Intervention studies with urban adolescents and families affected by asthma are critical to improving the disproportionate morbidity in this population. Community-based recruitment and retention strategies in a multi-site longitudinal project evaluating an asthma self-management intervention for adolescents are presented. Successful recruitment strategies depended on the geographic and cultural characteristics of each study site. Partnering with providers and groups known to the target population and in-person contact with target population were found effective. Flexibility accommodating modified and new approaches, securing multiple contacts and repeating mailings as well as capitalizing on the benefits of subject payment was critical to achieving long-term subject engagement of 85% in the study. Ongoing monitoring and adjustment of recruitment and retention strategies is recommended.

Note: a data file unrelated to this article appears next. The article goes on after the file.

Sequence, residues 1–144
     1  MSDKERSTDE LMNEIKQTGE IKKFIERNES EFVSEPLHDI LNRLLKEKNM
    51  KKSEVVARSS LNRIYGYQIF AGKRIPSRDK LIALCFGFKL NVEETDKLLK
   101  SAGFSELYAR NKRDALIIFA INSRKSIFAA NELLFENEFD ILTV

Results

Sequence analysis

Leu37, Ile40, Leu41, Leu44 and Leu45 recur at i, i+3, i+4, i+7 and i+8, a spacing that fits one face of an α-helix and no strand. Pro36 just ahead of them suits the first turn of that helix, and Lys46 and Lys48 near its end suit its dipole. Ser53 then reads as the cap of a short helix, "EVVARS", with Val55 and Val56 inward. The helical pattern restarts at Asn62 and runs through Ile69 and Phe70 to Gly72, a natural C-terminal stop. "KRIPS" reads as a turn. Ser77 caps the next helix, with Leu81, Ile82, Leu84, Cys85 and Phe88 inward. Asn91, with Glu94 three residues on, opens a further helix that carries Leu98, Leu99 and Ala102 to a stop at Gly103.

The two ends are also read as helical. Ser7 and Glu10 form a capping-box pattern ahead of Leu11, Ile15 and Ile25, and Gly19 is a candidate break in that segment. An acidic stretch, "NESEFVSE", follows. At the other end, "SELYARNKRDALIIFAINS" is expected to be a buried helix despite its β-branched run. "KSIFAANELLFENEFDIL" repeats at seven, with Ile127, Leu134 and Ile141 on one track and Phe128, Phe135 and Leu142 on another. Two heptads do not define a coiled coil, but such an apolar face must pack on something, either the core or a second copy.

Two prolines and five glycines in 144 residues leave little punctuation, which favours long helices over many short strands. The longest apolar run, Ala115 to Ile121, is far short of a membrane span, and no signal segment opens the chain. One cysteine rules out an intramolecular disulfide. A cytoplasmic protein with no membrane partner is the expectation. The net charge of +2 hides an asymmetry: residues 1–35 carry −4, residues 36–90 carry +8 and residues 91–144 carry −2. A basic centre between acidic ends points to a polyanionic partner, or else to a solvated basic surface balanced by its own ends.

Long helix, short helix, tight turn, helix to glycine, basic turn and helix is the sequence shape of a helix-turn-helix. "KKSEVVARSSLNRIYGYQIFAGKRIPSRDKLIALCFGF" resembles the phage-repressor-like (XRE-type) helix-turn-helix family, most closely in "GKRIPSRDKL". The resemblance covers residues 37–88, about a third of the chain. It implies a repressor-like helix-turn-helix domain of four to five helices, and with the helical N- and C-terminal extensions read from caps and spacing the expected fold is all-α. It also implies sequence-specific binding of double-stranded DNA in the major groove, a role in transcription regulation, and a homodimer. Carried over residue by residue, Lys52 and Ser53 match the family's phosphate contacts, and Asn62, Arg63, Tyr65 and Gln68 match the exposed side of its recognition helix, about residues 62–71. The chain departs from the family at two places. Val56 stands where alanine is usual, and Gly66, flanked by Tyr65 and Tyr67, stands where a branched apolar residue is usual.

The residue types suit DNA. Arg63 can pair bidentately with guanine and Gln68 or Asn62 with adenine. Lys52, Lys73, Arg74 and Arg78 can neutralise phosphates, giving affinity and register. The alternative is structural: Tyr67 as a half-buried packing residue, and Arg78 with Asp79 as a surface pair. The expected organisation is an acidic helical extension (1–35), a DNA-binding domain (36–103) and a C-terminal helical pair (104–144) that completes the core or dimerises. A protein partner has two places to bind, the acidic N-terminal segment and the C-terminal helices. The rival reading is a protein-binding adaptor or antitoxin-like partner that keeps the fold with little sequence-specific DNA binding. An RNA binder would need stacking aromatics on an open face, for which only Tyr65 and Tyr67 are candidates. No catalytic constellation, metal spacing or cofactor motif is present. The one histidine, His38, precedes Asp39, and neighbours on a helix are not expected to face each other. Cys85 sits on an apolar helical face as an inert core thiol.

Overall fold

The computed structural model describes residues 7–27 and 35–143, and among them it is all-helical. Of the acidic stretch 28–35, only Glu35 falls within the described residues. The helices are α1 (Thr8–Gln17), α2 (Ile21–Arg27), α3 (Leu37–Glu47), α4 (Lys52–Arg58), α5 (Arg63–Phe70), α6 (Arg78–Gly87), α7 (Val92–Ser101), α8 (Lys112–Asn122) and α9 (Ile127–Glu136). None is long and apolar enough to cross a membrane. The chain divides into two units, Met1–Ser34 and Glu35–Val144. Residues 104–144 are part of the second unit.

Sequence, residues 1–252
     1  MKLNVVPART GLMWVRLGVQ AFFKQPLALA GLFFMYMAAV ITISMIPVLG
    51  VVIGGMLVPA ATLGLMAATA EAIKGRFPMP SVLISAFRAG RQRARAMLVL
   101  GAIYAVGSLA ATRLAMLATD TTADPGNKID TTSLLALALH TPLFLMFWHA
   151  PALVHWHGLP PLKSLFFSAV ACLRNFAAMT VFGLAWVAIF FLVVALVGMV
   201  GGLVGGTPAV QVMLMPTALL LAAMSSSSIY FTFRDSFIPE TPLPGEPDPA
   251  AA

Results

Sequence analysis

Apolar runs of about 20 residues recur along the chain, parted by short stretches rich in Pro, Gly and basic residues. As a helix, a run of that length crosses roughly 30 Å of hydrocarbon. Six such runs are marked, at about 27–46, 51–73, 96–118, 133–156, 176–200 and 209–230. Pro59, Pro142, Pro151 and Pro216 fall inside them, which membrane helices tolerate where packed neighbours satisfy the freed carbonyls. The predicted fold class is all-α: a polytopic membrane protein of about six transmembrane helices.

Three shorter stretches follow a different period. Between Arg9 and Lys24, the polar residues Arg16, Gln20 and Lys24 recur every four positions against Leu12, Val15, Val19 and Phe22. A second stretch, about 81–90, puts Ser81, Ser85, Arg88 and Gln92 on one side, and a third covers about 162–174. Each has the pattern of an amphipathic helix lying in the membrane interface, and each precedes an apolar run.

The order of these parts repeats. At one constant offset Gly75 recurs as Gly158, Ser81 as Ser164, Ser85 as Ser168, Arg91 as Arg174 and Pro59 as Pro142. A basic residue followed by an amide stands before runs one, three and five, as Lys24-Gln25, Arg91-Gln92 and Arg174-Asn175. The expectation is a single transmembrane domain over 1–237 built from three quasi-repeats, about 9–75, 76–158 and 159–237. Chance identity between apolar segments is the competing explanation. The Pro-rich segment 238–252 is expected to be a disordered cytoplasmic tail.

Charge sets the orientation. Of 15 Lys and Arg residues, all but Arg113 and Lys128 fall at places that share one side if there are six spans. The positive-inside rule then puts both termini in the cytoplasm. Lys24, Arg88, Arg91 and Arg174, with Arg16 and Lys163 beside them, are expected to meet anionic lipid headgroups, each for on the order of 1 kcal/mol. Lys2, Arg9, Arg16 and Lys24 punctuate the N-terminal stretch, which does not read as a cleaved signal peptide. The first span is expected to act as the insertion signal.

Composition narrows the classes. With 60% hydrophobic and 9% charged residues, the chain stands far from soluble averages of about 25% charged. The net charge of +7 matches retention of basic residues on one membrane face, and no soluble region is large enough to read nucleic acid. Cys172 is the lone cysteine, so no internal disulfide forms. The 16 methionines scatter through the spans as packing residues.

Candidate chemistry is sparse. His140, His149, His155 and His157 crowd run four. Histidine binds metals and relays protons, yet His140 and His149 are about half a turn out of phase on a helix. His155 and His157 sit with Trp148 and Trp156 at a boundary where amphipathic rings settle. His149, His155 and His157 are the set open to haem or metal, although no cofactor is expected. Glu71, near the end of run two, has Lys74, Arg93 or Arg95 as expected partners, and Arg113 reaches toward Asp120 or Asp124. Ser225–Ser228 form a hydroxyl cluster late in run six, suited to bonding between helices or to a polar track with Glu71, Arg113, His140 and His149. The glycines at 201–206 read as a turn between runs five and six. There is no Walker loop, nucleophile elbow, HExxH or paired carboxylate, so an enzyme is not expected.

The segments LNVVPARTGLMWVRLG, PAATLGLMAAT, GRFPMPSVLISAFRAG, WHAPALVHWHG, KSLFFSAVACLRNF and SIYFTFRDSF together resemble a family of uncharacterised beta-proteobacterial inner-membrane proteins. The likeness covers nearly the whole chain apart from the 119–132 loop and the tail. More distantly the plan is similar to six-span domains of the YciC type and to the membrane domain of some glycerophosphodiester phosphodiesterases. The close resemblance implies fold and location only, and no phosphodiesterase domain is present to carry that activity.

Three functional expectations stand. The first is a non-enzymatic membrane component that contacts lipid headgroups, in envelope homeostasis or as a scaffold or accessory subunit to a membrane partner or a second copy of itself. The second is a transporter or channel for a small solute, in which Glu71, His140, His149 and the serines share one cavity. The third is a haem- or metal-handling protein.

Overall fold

- Community-based research
- Urban recruitment
ASJC Scopus subject areas
- Pediatrics, Perinatology, and Child Health
- Social Psychology
- Developmental and Educational Psychology
- Psychiatry and Mental health